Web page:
If you threw a party back in Bible times, there was one person you just had to invite: Solomon. He was absolutely essential. You only have to read what 1 Kings 4:33 says about him:
And he would speak about the trees, from the cedar that is in Lebanon to the hyssop that is coming forth on the wall; and he would speak about the beasts and about the flying creatures and about the moving things and about the fishes.
I mean, could this guy liven up things, or what? What more can you ask for at your party than someone who tells you all there is to know about warthogs?
Tempting though it may be to write Solomon off as a insufferable bore, upon inspection it is clear that most generations throughout history would consider his remarks fascinating. It’s only in the last hundred years or so that we’ve come to substitute football, horsepower, entertainment, and babes as talking points. Well, probably “babes” has always been around, but before our modern age of soft porn TV and hard porn internet, even they could hardly have been the obsession they are today. Just like Solomon, the average Joe of the nineteenth century figured you could do no better than rattle on about the trees and beasts and flying creatures and moving things and fishes.
There used to be a permanent exhibit at the Rochester Museum and Science Center, first floor, entitled Cabinets of Curiosities. Alas, it has been replaced with wiz-bang Jurassic Park dinosaurs. I mean, dinosaurs are okay, but who doesn’t have them? Cabinets, though much more modest in scale, offered unique insight. The exhibit was a vast collection of stuffed birds, insects, mammals, shells, minerals, plants, leaves, rocks, and so forth. Explaining it all was a sign:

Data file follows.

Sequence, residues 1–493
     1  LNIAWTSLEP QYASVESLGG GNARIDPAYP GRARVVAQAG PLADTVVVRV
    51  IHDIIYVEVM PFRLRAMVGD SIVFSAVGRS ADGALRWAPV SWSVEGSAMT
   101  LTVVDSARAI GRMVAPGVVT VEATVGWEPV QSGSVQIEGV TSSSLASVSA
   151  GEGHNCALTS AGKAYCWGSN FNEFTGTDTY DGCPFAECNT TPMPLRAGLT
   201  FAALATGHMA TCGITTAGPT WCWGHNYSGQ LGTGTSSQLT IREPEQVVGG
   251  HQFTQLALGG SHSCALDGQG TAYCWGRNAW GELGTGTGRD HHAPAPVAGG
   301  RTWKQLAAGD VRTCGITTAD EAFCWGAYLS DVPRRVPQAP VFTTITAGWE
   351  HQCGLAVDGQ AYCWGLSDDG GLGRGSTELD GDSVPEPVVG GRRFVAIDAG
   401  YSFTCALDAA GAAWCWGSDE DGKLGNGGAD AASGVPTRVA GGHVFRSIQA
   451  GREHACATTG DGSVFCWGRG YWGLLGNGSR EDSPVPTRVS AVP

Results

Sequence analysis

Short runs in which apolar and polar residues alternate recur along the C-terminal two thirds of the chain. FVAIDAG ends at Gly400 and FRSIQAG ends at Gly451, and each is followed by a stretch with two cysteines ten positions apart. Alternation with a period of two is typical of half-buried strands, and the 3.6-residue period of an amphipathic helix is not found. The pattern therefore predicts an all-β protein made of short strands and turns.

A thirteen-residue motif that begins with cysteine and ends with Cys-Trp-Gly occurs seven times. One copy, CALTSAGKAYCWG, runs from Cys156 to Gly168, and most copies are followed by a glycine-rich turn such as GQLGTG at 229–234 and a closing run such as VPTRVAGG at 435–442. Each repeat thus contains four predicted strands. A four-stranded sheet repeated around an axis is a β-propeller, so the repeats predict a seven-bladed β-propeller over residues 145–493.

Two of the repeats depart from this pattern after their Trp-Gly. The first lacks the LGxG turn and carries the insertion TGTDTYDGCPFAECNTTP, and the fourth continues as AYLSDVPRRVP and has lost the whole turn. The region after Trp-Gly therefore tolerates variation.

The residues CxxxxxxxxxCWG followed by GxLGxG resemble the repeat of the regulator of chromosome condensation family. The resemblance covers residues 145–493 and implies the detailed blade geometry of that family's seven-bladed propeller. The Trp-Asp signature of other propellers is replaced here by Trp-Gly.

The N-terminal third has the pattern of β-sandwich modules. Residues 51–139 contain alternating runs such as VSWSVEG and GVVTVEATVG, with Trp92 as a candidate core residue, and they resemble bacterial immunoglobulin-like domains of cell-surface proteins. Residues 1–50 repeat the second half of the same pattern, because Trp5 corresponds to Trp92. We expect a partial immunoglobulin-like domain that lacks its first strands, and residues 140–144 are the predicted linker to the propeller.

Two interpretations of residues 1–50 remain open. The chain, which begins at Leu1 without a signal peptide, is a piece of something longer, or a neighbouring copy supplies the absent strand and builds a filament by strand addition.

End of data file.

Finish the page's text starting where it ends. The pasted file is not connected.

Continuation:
“Throughout the first half of the nineteenth century, Nature was seen as evidence of God’s work and people believed that studying it would bring them closer to the Creator. Darwin’s evolutionary theory, which replaced God’s role in creating species with natural selection, shook society to it’s foundations.”
So people collected these things….showed them off….studied them. They were part of the Book of Nature; they revealed things about God. Prominent scientists of the age: Newton and Kepler, Faraday and Hertz, thought of their work in much the same light. But people gradually adjusted to Darwinian thinking…..and little by little….natural things lost their appeal. One might as well collect hub caps.
So Solomon’s cherished topics of conversation and those of the nineteenth century are pretty much the same. It is we who can’t imagine what people could possibly find intriguing about “trees and beasts and flying creatures and fishes.“ Our times are the aberration, not those of Solomon.
Lately, though, the Awake! magazine has started talking up trees and beasts and flying creatures and moving things and fishes, highlighting one brief (too brief) example every issue. There’s more to these creatures than most people know.